Posted by: Namar | April 26, 2013

In May, baseball blooms

In May, 1919, the three New York baseball teams, the Giants, Superbas (Dodgers) and Highlanders (Yankees) played Sunday home games…for the first time ever. Prior to that it had been illegal to play on Sunday.*

This was not the case in Chicago, St. Louis and Cincinnati, mind you. They had been doing it for years. And very early in this same decade, Detroit, Cleveland and Washington had joined in the practice as well. But baseball, it was argued in New York, would distract the people from their attendance of church.

Wealthy patrons could ride their horses or play golf on the day of rest; but the common man (and it was almost entirely men attending games at this time) were not allowed to watch a ballgame on the day of rest.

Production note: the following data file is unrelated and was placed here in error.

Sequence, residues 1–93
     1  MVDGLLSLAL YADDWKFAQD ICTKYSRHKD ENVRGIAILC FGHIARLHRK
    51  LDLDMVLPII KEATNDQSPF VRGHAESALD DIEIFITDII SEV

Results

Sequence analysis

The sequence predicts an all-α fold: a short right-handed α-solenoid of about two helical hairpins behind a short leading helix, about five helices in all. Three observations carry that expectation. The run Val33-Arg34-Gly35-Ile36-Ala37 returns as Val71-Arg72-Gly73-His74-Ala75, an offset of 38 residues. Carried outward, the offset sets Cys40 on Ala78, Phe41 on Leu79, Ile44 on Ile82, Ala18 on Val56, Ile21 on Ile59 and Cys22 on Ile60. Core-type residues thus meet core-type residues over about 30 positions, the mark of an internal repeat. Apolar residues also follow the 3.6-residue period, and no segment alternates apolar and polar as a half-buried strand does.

In Boston and Philadelphia, the ban would continue until the 1930s.


* There had been two exceptions: in 1906, a Sunday game between the Highlanders and Philadelphia Athletics at Hilltop Park drew 15,000 fans and raised $5,600 for San Francisco earthquake relief; and in 1912, a benefit game between the Highlanders and the Giants at the Polo Grounds raised $10,000 for the survivors of the Titanic.


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